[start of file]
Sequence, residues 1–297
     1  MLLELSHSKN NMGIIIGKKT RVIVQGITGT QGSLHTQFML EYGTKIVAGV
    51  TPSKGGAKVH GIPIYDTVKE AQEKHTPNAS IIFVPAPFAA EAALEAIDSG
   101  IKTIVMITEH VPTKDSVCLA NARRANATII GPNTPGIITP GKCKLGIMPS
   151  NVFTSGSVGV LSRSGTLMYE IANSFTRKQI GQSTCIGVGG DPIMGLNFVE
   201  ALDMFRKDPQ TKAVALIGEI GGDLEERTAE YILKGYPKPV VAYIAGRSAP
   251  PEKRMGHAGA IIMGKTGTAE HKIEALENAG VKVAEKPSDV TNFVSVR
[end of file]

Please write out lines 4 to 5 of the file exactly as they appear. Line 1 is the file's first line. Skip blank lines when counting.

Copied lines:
   101  IKTIVMITEH VPTKDSVCLA NARRANATII GPNTPGIITP GKCKLGIMPS
   151  NVFTSGSVGV LSRSGTLMYE IANSFTRKQI GQSTCIGVGG DPIMGLNFVE